This module is intended to introduce undergraduate students to research. As such it provides an opportunity to work on a topic of their own choosing, in either archaeology, history or ancient literature. Originality and feasibility are important aspects of writing dissertations, and to avoid problems topics will be scrutinised and approved by CLAS before research can begin. Students can expect guidance from the module convenor and an academic supervisor throughout the process, varying from one-to-one tutorials to classes on how to edit your own prose. There will also be a meeting regarding the Dissertation at the end of the Spring term of the previous year to clarify arrangements and to outline what work is required on this module.
The programme document with regulations is sent to all students at the end of spring term of Stage 2. Students are invited to suggest titles for comment, for which tutors are allocated. They are advised to do preliminary reading over the summer based on generic advice of the module convenor. They then choose precise topics in consultation with the convenor and personal tutors at the start of the autumn term.
This module appears in the following module collections.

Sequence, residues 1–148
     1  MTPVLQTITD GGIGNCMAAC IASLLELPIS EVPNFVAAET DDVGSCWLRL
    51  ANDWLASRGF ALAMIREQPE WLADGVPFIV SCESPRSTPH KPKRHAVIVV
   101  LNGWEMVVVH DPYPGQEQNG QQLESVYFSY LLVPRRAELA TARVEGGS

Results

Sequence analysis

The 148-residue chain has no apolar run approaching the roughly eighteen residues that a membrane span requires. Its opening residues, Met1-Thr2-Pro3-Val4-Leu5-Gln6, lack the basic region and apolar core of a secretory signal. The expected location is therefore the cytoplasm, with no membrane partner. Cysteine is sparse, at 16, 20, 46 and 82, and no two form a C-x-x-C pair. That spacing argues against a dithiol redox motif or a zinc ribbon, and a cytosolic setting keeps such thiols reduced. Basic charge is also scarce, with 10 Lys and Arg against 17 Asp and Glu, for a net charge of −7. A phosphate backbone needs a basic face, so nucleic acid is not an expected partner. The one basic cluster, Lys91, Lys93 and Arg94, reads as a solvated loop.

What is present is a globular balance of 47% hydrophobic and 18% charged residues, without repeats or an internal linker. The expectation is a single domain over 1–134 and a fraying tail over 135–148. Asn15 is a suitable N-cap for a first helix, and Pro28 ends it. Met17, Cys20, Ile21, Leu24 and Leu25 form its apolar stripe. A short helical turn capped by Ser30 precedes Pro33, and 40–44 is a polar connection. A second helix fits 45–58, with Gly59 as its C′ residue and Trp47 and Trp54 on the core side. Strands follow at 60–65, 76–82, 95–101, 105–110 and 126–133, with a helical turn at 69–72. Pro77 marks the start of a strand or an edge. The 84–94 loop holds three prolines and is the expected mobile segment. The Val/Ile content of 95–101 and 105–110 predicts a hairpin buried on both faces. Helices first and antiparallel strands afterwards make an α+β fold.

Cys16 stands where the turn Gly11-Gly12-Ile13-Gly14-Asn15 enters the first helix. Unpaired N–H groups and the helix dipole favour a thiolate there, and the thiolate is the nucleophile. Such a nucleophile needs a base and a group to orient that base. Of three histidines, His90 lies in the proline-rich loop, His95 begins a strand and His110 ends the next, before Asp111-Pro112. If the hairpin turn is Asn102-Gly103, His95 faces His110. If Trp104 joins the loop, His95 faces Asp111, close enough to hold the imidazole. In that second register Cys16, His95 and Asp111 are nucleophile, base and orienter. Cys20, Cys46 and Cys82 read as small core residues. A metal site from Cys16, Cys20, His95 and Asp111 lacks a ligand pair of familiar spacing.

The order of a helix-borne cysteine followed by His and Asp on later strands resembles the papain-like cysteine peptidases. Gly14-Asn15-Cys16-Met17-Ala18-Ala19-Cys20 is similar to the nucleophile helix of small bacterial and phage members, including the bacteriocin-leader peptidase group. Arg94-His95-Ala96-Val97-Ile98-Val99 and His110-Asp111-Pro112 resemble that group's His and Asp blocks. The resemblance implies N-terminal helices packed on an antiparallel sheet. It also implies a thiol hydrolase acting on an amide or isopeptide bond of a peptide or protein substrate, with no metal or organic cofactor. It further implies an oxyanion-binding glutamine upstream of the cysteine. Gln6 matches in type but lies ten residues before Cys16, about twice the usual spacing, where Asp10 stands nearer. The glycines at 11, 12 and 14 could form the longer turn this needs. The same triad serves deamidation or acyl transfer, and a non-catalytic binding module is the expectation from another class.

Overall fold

Total Contact Hours: 9
Private Study: 591
Total Study Hours: 600
Method of assessment
Dissertation (10,000 words)
Indicative reading list
The MLA Style Sheet (New York 1970).
MHRA style book, notes for authors, editors and writers of Dissertations (London 1978).
F.W. Jenkins, Classical Studies. A Guide to the Reference Literature, 2nd edition (London 2006).
See also the updated MHRA Style Guide (MHRA 2002) on the web at www.mhra.org.uk
On successfully completing the module students will be able to:
Demonstrate that they can choose a topic appropriate to their skills and interests, and where possible will be able to demonstrate originality in theme or approach;
Demonstrate pursuit of guided research into their chosen topic in classical and archaeological studies;
Demonstrate that they have been introduced to management of and standards pertinent to research publication in classics and archaeology.
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Credit level 6. Higher level module usually taken in Stage 3 of an undergraduate degree.
- ECTS credits are recognised throughout the EU and allow you to transfer credit easily from one university to another.
- The named convenor is the convenor for the current academic session.
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